This video is excellent. Thanks to Tim Lambert for drawing it to our attention. It is also very recent, citing studies published this year. Very solid empirical science, but with some humorous intercuts.
Makes you wonder how anyone could be a skeptic, really…
Someone out there may be able to answer this for me: What exactly does “It is expected that the implementation of the Australian curriculum (K-10) will be well underway in 2013 across the country” mean? When will the first students be sitting for the Australian Certificate of Education? You will note that page dates from 2006, the Howard years; the ACE continues to be the end point under the current regime.
I think back to my first year of teaching: 1966. The implementation of the Wyndham Report (1956) had just reached Year 11, and there was a small group of “repeats” sitting for the final Leaving Certificate that year. The first HSC was 1967 – and how nervous we all were. Syllabuses for Years 11 and 12 had been published just a few years earlier: we were given copies in Dip Ed 1965. Junior syllabuses had minor revisions, incorporating the new Year 10 School Certificate, but fully reformed syllabuses – in English anyway – for Years 7-10 did not appear until 1971-1972.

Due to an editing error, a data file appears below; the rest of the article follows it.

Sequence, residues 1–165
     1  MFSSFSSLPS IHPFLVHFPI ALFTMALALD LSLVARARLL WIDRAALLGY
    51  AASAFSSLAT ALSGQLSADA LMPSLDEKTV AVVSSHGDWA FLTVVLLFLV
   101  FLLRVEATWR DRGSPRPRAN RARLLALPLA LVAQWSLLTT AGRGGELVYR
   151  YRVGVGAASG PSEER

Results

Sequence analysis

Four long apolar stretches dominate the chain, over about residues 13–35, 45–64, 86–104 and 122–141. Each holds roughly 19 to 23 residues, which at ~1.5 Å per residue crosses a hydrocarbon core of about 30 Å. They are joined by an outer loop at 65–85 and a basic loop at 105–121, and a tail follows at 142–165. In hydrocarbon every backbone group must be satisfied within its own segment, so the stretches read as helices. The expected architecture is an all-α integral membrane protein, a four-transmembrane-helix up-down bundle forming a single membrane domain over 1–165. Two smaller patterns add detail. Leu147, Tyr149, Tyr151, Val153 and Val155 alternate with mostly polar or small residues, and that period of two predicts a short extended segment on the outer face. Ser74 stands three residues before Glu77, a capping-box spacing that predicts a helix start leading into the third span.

Wyndham reformed the structure of NSW education as well as the content of syllabuses, making it possibly a more radical reform than that currently under way – although some states will have to redefine boundaries between primary and secondary to accommodate the 2010+ changes.
My point is a new curriculum does not get implemented overnight. If it works its way up year by year it will be 2020-something before the ACE makes its appearance. Is that the case? What is the actual plan for full implementation?
Kind of related
The March South Sydney Herald is now available, so my article (page 9) on the My School website is now un-passworded. They’ve given me a new headline.
All the following PDF files open direct from the links and not in new windows.